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Identification of specific item; Date (if known); Frank and Dolores Becker papers, Box and Folder Number; National Museum of the American Indian Archive Center, Smithsonian Institution.
Titles include: 1.Tall Bull, Cheyenne, escaping from the Utes. 2.Common occurrence in Running Buffalo. 3.Tall Bull, a Cheyenne Brave, Killing Two Pawnees. 4.Crow and Cheyenne Warriors. 5.Kill Bear. 6.Tall Bull, Cheyenne, Killing a Navaho. 7.Cheyenne Brave Killing a Crow. 8.Fight between Soldiers and Cheyennes. 9.Cheyenne Killing a Pawnee. 10.Cheyenne Killing a Ute. 11.Cheyenne Killing two Kiowa women. 12.Kiowa Brave. 13.Making Medicine. 14.Dance of the Cheyenne Soldiers. 15.Untitled (dance with chiefs and musicians). 16.Sioux Indian hunting deer. 17.Sioux Woman and Cheyenne man. 18.Cheyenne to the Rescue. 19.Cheyenne Chiefs Reviewing their young men. 20.Sho-sho-nees in pursuit of Cheyennes. 21.Grand War Dance in Costume of the Cheyennes.
NAA MS 4959
Negatives made 11/26/1969. For reference purposes only. Requests for prints should be directed to the Fort Leavenworth Museum.
Field notes, in typescript, largely concern hunting and agriculture but also concern to a greater and lesser extent subjects shown in cross references. The subjects are distributed throughout the manuscript. Informants were Hastin Taa (Thick Man), Asta Tohitlini Alsai Yaja (Little Woman), Chis Chilley, Chick Sandoval, Ace Moon, Atitsai Bige (Interpreter's Son), Hastin Altsi (The Little Man), Tsi Igai (White Hair), Nakai Dine (Navajo Jim), Neska Bige (The Late Fat One's Son), Beli Alpai (Roan Horse), Atszdi Yaze Bige (The Late Little Smith's Son), Hacke Haiitsis (Pulled Out of the Warrior), Mary McKinley, Dene Izkin (One That Killed a Man), and "Curley of Chin Lee."
The manuscript contains 28 drawings depicting warfare, courting, hunting, dances, a horse race, and an intertribal meeting. The drawings also include 5 pages with pictographs representing various words and the names of the prisoners. Included in the manuscript are rosters of the Ft. Marion prisoners listing the prisoners' names and tribal affiliations. Several drawings are inscribed with the name of Koba, some with the name Etahdleuh. Most were probably drawn by Koba.
Biographical / Historical:
Koba (Wild Horse) was born in 1848. During the Red River War he was a member of the Kiowa band that surrendered on February 18, 1875. Following his surrender, he was confined at Fort Sill, Indian Territory. He was accused of stealing horses and mules in Texas and participating in the August 22, 1874 skirmish at the Wichita Agency, one of the opening engagements of the Red River War. He was among the Kiowa prisoners who were incarcerated in Fort Marion in St. Augustine, Florida following the end of the conflict. He arrived at Fort Marion on May 21, 1875. After his release from Ft. Marion, Koba attended the Hampton Institute in Virginia. He arrived at Hampton on April 14, 1878. In June of 1879, he left Hampton to work on a farm in Lee, Massachusetts. He then enrolled in the Carlisle Institute in Pennsylvania, where he studied to be a tinsmith. He arrived at Carlisle on October 7, 1879. On September 10, 1880, Koba left Carlisle on what was intended to be a brief trip to Indian Territory. Although his health was failing, he was deemed fit to travel. He died of consumption on September 24, 1880, only three days after arriving at his destination.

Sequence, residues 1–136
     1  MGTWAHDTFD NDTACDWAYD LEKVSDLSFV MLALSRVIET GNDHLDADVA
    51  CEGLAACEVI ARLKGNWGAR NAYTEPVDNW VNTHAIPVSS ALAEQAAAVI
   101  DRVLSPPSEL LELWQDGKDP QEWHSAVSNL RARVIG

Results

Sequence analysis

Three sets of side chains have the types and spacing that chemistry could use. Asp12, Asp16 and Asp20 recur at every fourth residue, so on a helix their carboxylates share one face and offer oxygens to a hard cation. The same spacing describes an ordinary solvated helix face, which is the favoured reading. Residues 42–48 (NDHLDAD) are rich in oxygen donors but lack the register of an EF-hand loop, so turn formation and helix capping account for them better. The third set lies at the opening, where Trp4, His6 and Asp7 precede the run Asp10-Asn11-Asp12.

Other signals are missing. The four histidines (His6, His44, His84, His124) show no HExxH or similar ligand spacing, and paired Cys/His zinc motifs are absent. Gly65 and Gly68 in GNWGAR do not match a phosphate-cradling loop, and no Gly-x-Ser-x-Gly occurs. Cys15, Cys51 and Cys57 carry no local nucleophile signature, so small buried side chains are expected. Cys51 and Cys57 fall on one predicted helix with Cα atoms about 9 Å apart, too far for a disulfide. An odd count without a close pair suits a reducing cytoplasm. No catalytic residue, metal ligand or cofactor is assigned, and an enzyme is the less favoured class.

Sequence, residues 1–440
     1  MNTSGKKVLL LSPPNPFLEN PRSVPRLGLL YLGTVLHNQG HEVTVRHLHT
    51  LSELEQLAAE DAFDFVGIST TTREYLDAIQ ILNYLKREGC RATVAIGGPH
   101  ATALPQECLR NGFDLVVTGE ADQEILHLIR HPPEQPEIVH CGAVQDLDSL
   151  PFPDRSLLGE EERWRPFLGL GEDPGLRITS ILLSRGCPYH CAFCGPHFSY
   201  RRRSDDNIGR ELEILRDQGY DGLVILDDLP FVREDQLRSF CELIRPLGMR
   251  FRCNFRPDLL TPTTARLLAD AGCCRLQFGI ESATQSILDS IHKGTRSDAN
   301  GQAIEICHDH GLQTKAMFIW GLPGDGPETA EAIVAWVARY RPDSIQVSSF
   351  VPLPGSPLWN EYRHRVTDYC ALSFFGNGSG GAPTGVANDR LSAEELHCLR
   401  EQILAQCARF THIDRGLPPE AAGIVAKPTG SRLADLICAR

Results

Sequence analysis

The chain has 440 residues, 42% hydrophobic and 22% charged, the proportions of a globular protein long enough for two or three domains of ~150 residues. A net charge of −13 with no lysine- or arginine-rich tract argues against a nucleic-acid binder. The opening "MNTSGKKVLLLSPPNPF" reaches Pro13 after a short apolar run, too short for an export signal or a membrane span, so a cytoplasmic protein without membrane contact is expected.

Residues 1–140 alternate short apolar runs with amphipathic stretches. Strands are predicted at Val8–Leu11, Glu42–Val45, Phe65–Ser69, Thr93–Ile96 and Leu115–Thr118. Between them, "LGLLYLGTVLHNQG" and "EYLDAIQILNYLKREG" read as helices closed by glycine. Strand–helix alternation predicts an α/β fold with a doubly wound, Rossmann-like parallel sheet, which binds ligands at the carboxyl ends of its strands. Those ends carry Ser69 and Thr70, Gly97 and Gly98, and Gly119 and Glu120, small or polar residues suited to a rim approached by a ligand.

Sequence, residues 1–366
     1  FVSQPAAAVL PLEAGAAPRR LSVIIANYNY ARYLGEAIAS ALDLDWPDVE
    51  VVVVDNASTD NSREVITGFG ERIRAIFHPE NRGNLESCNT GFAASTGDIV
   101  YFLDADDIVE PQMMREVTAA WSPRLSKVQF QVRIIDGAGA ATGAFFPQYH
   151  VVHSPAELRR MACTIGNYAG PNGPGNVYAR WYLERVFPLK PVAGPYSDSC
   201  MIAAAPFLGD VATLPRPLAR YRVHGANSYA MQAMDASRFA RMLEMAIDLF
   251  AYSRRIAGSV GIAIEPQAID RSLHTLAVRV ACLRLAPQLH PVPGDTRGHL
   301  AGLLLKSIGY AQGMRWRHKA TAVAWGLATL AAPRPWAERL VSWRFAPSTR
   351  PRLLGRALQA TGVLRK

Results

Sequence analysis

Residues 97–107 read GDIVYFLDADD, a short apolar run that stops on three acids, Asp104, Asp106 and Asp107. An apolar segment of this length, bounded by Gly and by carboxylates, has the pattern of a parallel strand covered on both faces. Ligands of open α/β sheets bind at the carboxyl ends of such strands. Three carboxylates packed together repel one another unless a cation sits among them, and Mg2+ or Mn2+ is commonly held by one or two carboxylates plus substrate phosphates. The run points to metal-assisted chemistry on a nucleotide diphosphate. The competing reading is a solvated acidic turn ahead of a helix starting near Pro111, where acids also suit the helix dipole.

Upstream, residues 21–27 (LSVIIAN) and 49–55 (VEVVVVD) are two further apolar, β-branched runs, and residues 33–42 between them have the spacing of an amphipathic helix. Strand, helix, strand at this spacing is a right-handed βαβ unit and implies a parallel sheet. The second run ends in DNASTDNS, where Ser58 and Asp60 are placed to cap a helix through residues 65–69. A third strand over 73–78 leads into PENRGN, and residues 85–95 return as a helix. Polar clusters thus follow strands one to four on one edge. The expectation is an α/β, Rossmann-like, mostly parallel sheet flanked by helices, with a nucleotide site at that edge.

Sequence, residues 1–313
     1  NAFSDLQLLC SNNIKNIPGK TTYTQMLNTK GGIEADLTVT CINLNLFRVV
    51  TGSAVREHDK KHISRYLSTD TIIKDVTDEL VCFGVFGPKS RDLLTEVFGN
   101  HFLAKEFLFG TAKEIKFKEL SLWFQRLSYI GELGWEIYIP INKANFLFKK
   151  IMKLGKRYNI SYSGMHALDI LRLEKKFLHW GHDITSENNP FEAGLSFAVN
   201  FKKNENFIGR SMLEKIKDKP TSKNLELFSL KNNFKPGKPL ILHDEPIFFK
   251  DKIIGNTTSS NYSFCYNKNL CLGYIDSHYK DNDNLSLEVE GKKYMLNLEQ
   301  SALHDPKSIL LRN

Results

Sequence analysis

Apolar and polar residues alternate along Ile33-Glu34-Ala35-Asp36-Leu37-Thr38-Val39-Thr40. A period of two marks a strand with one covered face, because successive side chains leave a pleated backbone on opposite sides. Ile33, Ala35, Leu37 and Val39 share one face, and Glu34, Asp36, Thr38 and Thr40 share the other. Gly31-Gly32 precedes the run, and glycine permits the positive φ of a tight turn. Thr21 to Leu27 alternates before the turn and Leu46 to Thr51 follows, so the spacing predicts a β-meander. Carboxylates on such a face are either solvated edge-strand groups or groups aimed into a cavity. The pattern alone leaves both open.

Etahdleuh (1856-1888) was also known as Etahdleeuh, Etadeleuh, Etahdleuh Doanmoe, Boy, and Boy Hunting. He was imprisoned at Fort Marion in St. Augustine, Florida from 1875-1878. After his release from Fort Marion, he attended the Hampton Normal and Agricultural Institute in Virginia, arriving in April, 1878. In 1879, he travelled to the Indian Territory to recruit pupils to attend the Carlisle Institute in Pennsylvania, where he would study and work on and off from 1879 to 1887. He made two extended trips back to the reservation during this period and from February to May 1880, he worked at the Smithsonian Institution in Washington, DC. He was trained as a Presbyterian missionary and returned to the reservation in January 1888 to serve in this capacity.
For further biographical information on Koba or Etahdleuh see Karen Daniels Petersen, Plains Indian Art from Fort Marion, University of Oklahoma Press, 1971.
Fort Marion, also known as Castillo de San Marco, is a stone fortress in St. Augustine, Florida. Between 1875 and 1878, seventy-two prisoners from the southern plains were incarcerated in the fort. Captain Richard Pratt supervised the prisoners during their incarceration at Fort Marion. The prisoners consisted of 27 Kiowas, 33 Cheyennes, 9 Comanches, 2 Arapahos, and a single Caddo. With the exception of one Cheyenne woman, all the prisoners were men. They had been accused of participating in the recent Red River War, earlier hostilities, or both. With the exception of the wife and daughter of one of the Comanche men, the prisoners families were not allowed to accompany them to Fort Marion. For further information on Fort Marion see Karen Daniels Petersen, Plains Indian Art from Fort Marion, University of Oklahoma Press, 1971 and Richard Pratt, Battlefield and Classroom, ed. by R. M. Utley, Yale University Press, 1964.